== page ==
When heated discussions about Mormonism come up online with negative portrayals of theology, almost inevitably a Mormon will make what at first sounds like a reasonable request. They will ask as an analogy, If you want to learn about Ford vehicles, do you go to a Honda dealership? No, they will state. This will be followed by a request to ask a Mormon or, visit mormon.org, or lds.org websites for research. Not sure where this “meme” reaction came from. It isn’t a completely bad request, but it can be cringe worthy.
The problem is the phrasing and logic of the answer is not correct. When you want to learn about Ford vehicles, do you go to a Honda dealership? Well yes you will go to both if you want a good comparison in price and reliability. In fact, those looking for a car in general might go to a number of dealerships unless they have made up their minds already what kind of brand they hold loyalty or preference.
There are some examples from my own study of Mormonism that explains how research from both critics and more faithful places give the possibility of better perspective. Without reprinting my full posts on learning about LDS history and doctrine there are some points I’d like to quote in amalgamation. Some in the “bloggernacle” might say its a discussion of “inoculation” against more serious issues of the faith. That is partly true, but I prefer to think of it as how a person can truly learn any subject when there are competing narratives.
My first full biography on Joseph Smith was by John Henry Evans, a rather unsophisticated treatment. What intrigued me about the book was less how definitive it was than how complicated and exciting Joseph Smith seemed. That there was more to the man and the Prophet than the author presented didn’t bother me — it fascinated me.
Having read one biography of Joseph Smith, I had decided to find another one. As with so many people, that would be Fawn Brodie’s treatment. At this point my focus of LDS Church history was set with Joseph Smith as the center of study. I read a few chapters, a few at the start and a couple in the middle (I have since read in full). Unlike so many people who apparently read her treatment and become disenchanted, I was unimpressed. As a teenager I could tell where history stopped and her own unfounded biases filled in the gaps. Where Evan’s book was sketchy, this one had been overproduced. Reading Hugh Nibley’s criticism about the book was not a discovery, but a realization I wasn’t the only one seeing the problems.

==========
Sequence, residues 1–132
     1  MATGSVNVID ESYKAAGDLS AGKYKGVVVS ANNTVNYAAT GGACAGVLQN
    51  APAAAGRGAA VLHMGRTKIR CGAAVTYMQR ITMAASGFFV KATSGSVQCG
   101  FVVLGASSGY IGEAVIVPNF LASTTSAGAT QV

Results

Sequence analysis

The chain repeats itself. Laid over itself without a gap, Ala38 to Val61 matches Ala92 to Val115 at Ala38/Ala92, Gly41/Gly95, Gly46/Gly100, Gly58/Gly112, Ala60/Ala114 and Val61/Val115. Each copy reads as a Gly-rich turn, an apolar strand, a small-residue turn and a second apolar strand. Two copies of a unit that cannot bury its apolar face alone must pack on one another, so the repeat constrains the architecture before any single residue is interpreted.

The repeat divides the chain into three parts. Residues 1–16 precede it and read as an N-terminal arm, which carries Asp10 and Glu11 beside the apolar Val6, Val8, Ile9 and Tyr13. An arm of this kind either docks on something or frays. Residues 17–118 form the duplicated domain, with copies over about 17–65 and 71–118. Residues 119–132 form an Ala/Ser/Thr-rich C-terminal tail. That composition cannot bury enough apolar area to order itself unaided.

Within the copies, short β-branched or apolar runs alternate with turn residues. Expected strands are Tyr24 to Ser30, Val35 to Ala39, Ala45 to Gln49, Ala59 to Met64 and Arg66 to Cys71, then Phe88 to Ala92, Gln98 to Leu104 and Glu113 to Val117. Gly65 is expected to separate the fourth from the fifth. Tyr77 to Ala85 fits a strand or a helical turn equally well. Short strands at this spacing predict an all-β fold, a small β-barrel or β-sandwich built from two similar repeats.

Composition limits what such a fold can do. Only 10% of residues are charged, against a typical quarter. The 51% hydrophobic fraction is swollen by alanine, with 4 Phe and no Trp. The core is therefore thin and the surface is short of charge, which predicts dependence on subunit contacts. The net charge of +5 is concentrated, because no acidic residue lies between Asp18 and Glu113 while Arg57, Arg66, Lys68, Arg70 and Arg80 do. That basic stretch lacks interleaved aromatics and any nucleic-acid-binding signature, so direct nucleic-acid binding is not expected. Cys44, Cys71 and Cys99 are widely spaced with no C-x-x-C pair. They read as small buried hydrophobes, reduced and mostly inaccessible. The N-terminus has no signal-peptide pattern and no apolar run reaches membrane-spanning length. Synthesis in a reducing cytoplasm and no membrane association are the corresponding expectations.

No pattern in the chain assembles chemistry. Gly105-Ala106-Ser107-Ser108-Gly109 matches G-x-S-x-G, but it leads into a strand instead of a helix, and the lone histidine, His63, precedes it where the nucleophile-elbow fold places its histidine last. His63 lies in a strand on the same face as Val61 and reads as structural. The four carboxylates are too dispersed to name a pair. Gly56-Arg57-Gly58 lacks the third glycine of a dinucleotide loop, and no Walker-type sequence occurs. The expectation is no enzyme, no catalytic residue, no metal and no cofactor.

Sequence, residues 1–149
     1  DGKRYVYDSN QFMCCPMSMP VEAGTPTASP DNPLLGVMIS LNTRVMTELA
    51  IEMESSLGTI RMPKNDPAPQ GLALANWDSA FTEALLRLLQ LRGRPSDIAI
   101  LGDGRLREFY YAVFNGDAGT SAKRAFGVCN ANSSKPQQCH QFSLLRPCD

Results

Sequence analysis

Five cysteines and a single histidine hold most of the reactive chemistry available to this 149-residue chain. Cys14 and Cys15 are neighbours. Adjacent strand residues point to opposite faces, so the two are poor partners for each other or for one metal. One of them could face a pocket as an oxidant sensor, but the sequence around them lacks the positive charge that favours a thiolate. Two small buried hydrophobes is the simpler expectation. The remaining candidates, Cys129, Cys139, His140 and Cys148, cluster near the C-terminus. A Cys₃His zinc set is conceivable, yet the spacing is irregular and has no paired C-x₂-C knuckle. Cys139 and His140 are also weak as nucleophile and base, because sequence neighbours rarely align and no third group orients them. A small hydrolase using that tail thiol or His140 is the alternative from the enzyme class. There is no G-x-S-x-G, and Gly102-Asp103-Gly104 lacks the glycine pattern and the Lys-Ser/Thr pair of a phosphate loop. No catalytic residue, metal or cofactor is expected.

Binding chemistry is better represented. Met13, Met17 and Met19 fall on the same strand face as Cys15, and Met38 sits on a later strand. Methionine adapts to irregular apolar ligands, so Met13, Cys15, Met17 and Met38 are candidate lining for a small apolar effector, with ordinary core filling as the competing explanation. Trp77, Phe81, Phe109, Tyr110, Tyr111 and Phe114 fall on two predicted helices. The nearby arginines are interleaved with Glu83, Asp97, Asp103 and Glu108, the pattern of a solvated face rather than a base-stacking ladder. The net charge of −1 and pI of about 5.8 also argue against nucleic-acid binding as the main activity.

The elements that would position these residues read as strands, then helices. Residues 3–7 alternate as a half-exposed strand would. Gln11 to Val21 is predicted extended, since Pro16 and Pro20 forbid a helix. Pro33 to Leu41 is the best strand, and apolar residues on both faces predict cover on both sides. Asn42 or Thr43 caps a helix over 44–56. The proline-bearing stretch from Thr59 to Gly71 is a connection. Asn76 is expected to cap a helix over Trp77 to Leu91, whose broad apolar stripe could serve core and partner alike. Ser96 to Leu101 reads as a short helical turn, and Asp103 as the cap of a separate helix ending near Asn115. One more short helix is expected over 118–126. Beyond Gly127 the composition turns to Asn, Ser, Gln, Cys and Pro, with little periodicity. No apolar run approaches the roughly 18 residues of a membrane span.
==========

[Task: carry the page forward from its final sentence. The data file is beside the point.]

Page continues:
Another curiosity is that for all the “hidden” information, it is interesting that the bulk of the knowledge comes from LDS produced writings. For example, other than a few original newspaper sources and letters, Brodie’s “No Man Knows My History” mostly uses The Joseph Smith History and Journal of Discourses. Aside from that, much of what she talks about can be found in B.H. Robert’s Comprehensive History of the Church from a different perspective. Now, if you go to blatant anti-LDS works, they are a compendium of quotes (badly edited and way out of context) from LDS sources. To paraphrase Scully from the X-Files, “the [information] is there. You just have to know where to look.” Thus, a person can actually go to the source material even more so than ever before and decide for themselves what the bigger or different picture might include.
Next time there are negative statements discovered online that need countered, get rid of the Ford only analogy. Direct them to positive LDS Church related material, but don’t imply that is the only place to get accurate information. It gives off the impression that Mormons are trying cover-up rather than expand sourcing. Those people blatantly anti-LDS are easy to detect because they ignore other interpretations and critical contexts. Thoughtful people don’t like propaganda from either side as a single source of information.
My own quick reply other than direct answers to specific charges would be,
“You can get a better understanding of how Mormons view the issues and history by asking a Mormon or visiting the official websites. You can’t learn about a Ford [Democrat] if you only consider the views of a Honda dealership [Republican].”